I have Virginia Woolf and a rural childhood to thank for the idea that a handsome book was something that could be made swiftly, as needed. Reading her diaries at a young age, with no worldly experience to attach to what I was reading, I doggedly ploughed through rather than savoured them. And I became fixated on those moments when, running out of pages in her diary, she went into the Hogarth Press workshop and made herself a new one. She didn’t describe the process. So I invented it out of the wondrous properties of the machines from the Westinghouse “World of Tomorrow” section on the New York World’s Fairs of 1939 and 1940 in a set of encyclopaedias I’d had. All wrong then, of course, but very close to the process I’ve devised and use today. Bookbinding has always been an industrial process for me. My books are “machine made by hand” says my friend, robotics engineer Ken Goldberg.
This means precisely cut and assembled. Architecture rather than craft, if we adhere to the general definition of the word: “the complex or carefully designed structure of something”.
And it means finding or engineering the tools and machines that will allow me to build the book I’ve devised, not starting with what machines can generally do and adapt my books to the industry standard.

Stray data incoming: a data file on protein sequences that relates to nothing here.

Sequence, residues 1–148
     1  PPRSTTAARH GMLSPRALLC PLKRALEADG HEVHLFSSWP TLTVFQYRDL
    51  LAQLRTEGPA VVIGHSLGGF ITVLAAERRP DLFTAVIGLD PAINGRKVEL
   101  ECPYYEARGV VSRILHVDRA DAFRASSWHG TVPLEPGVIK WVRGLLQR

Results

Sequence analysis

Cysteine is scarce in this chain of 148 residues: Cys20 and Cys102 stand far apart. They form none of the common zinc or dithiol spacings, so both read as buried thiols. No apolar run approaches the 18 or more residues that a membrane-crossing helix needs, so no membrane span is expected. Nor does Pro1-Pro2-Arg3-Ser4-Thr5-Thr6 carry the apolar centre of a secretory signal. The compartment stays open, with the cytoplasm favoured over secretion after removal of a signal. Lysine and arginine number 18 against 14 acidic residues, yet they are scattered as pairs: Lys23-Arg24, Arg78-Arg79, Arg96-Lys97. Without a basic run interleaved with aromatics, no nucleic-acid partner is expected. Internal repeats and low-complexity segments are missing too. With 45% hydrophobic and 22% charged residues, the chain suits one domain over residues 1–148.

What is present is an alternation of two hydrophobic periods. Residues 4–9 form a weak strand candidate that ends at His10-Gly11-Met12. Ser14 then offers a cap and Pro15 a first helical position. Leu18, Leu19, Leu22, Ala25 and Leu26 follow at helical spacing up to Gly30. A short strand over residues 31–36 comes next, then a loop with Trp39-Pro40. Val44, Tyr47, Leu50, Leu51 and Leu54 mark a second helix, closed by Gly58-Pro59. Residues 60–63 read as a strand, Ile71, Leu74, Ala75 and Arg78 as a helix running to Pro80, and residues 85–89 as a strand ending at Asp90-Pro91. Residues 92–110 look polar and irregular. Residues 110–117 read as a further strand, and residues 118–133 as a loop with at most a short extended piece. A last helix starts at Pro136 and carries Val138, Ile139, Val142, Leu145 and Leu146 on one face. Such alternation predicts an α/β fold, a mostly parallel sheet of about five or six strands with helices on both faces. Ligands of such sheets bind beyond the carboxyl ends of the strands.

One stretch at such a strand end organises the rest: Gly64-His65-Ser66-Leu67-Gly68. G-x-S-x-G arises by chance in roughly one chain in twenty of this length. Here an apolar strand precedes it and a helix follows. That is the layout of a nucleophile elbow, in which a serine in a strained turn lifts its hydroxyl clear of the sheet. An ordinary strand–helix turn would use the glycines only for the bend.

A knuckle-headed approach, probably, and I’ve suffered my share of Wile E. Coyote moments when everything backfires, but I’ve arrived at the point where I can take my process to the next industrial level, producing up to 500 of something. Any more than that it makes sense to re-engineer the books and give them over to a commercial process … but that’s for someone else to do.
Printing has been the major headache. The option I’ve arrived at is to take a high quality but essentially simple small office computer printer. One where the paper doesn’t have to be twisted through a set of internal rollers, so that I print on boxboard and manila folders, or anything I can run through it, and that ink or laser dust will adhere to. But not the ridiculous photocopiers of today that have too many design functions (resizing images, collating in several styles) as that can be done in a computer now. So I’m looking for a next generation home printer that embraces the ‘back to analog’ aesthetic that’s already infused music & photography, while keeping the most useful aspects of digital. Elon Musk’s idea of what a printer would be on Mars probably. And a brilliant 1990s Xerox colour copier, from before the digital interfaces that larded them up with complex features.